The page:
When did asking these questions become a weakness? Why have they stayed sexist? Couldn’t we turn the tables if we started asking these questions of men and of women? Would that not even the playing field just a little, while still getting answers to vital questions?

If these are questions we continue to shy away from because they weaken women by reminding voters of our inate ability to create and carry life, what’s the point of questioning politicians at all? Why do we bother with elections and campaigns? They could fill out a survey, distribute it and we could choose based on those answers, blindly. I suppose the media circus of today will never let that happen but I deeply hope that I see fewer stories dissecting wardrobe choices in our political candidates. I could care less if someone spends $400 on a hair cut or wears blue jeans or a black dress for a fashion spread. I want to know what they will do when eight proverbial balls are in the air and the famed red phone rings as they all start to fall. And I want to know, straight up, what kind of world they will leave for the children I will have someday. Those are the stories that matter and the rest is merely filler in a book that could use fewer words to relay its point.

Sunday, May 25, 2008

In the Center Ring: Issues

I listen to Sens. Obama and Clinton talk of health care and the economy, global warming and the war in Iraq, and I notice that they only drop in the personal anecdote or campaign anecdote rarely. They are full of talk of big ideas and big policy. I expect more from my leaders. And frankly, I expect more from the mothers, sisters, daughters and granddaughters who run the country now, in our Congress, on local school boards and paving the way for a new generation of women to leap into politics with both feet.

I want to believe that the politics I experience as a young woman in America is built on the backs of people who remember that a system for all to have health care versus a system that lowers cost for health care need to accomplish the same thing in the end: my siblings need to be able to take their children to the doctor when they're sick, whether their health care is universal or lower cost. I want to believe that my stepmother and aunt and cousins will be able to retire because they've faithfully paid into Social Security every year they have worked. I'm tired of hearing people degrade the Speaker of my House of Representatives – and as a citizen of the U.S., it is mine – because she's a woman.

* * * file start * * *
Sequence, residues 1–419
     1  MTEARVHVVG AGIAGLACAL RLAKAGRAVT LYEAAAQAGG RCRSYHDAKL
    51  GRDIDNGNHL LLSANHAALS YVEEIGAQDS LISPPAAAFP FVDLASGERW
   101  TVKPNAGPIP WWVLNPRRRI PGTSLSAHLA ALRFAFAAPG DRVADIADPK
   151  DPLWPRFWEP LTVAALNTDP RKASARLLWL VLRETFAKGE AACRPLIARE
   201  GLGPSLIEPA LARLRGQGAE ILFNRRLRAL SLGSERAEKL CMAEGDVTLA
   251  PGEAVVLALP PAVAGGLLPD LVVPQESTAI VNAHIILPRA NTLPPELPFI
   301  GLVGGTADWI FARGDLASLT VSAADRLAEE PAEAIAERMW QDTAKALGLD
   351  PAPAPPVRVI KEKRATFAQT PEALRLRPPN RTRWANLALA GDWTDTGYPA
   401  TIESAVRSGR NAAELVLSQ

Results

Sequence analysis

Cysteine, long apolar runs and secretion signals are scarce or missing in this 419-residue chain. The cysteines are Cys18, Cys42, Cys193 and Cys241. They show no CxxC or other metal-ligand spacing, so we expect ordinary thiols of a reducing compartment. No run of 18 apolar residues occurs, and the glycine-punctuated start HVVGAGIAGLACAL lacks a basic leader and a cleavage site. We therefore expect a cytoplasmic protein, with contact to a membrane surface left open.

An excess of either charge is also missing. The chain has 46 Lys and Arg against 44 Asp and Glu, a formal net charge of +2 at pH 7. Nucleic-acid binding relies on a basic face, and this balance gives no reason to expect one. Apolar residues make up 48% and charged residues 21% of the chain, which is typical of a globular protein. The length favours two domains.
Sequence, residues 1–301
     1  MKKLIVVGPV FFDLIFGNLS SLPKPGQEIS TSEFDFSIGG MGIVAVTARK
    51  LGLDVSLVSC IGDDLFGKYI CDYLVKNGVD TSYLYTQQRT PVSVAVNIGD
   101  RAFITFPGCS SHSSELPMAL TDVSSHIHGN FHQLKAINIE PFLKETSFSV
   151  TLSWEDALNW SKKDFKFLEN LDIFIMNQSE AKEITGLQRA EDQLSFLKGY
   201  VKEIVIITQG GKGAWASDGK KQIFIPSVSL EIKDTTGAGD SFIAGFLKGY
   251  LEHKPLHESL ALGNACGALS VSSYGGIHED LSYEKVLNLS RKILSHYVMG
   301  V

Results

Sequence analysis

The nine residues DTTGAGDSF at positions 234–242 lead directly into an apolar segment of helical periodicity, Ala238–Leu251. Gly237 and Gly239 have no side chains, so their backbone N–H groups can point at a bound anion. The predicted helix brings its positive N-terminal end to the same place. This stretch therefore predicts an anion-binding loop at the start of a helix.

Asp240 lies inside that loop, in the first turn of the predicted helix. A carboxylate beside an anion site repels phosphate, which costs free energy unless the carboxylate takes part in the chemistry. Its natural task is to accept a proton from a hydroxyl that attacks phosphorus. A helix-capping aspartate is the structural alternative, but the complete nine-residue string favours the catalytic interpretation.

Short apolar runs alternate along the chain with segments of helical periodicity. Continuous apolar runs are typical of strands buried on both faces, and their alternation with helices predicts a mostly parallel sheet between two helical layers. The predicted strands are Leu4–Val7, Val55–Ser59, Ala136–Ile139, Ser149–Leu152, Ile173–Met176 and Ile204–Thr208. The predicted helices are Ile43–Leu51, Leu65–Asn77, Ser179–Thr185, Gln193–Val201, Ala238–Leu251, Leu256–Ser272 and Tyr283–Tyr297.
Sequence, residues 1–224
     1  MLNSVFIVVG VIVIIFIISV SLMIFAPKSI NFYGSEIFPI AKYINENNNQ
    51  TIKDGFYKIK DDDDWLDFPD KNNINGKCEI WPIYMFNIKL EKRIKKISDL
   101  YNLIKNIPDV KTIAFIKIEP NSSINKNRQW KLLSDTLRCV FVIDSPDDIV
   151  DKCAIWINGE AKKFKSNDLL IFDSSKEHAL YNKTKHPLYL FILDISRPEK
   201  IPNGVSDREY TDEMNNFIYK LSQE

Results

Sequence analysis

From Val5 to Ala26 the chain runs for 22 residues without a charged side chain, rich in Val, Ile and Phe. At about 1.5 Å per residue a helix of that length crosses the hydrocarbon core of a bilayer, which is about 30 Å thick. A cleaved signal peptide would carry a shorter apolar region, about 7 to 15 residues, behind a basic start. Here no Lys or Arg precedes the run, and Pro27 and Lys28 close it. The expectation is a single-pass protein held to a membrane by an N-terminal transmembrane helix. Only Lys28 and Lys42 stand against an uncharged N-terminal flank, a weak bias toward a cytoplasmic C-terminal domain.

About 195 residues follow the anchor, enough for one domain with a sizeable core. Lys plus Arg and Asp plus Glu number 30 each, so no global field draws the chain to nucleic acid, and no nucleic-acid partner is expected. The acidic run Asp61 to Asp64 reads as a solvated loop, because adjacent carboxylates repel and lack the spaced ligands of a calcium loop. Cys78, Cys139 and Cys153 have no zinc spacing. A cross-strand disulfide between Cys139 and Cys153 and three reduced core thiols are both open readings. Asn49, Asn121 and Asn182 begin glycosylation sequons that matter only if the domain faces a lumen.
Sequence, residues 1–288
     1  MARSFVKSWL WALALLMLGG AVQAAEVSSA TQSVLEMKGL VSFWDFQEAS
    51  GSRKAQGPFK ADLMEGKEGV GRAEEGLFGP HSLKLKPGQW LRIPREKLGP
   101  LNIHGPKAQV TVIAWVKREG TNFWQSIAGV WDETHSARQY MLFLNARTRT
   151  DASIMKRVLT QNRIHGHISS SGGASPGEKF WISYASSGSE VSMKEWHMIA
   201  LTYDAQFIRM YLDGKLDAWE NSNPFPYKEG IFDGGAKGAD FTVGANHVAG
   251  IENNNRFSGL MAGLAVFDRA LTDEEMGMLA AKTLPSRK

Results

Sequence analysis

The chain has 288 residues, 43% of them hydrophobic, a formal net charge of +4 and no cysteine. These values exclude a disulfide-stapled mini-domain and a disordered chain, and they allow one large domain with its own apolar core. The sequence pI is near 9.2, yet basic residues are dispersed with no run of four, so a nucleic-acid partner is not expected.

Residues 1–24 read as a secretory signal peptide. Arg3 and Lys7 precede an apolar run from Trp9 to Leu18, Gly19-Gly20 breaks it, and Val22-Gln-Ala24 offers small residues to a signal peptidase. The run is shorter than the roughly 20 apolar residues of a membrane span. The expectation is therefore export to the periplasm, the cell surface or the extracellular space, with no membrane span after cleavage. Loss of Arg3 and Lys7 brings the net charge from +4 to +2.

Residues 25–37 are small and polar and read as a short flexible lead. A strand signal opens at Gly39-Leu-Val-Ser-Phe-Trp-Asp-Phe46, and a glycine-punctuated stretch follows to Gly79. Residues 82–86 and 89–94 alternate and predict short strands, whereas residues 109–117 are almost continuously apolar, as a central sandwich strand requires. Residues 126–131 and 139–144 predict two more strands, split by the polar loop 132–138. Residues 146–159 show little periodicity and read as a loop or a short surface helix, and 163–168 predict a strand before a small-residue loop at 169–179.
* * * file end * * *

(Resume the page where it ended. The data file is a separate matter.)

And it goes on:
In the coming years, whether our White House is Democrat or Republican, we need to come together to solve the problems of all Americans. I want to have health care and not just because I work for a company that offers it. I want to see green technology thrive because everyone sees that it's good and necessary. Most of all, I want to see people step back from the overabundance that flows from the internet, the network television, the capitalist-driven market place. I want to see stories on the news, not all as horrifying as 400+ children being removed from their home and families for certain, that reflect the actual people of the United States. I want to know what is going on in Iraq because those are friends of mine and friends of my friends over there. I'm tired of non-stop electioneering and policy. If I have to see politics in the news, I don't know about you, but I want it to be stories about the accomplishments of our politicians as we go forward into a twenty-first century that will have to see change, whether our leaders are black or white, male or female or Democrat or Republican.

Saturday, May 17, 2008

A World That Women Will Build

I consider myself a reader before anything else. I read posters and signs when there is nothing else to read. I am permanently doing damage to my shoulders and back with books that weigh down the single-strap purses I know are bad for my posture. I read when I'm tired; I read when I'm awake; I read when I'm hungry and am trying to hold off until the next scheduled meal.

And I am presently inspired by the books I see getting media coverage. Maybe it's the presence of our first competitive female candidate in the presidential election or maybe it's the fact that mothers and young women are among the highest spending consumers in the market. All I know is that I am inundated with books I want to read, and they all revolve around women, power and confidence.

In a previous post, I discussed attending a book signing by Dee Dee Myers that was to promote her new book, Why Women Should Rule the World. It still languishes on my bookshelf, waiting to be read. This morning, before I'd even had a chance to have coffee, I saw a feature on CNN about Seducing the Boys Club: Uncensored Tactics from a Woman at the Top by Nina Disesa, the first woman and first creative director named chairman at McCann Erickson New York, one of – if not the – largest advertising agencies in the world. Now obviously, as I just saw this feature this morning, I have not read the book yet. But I would imagine it is, as the subtitle suggests, everything from tips and anecdotes to glass ceilings and straightforward advice from a woman who has made it to the top of her profession.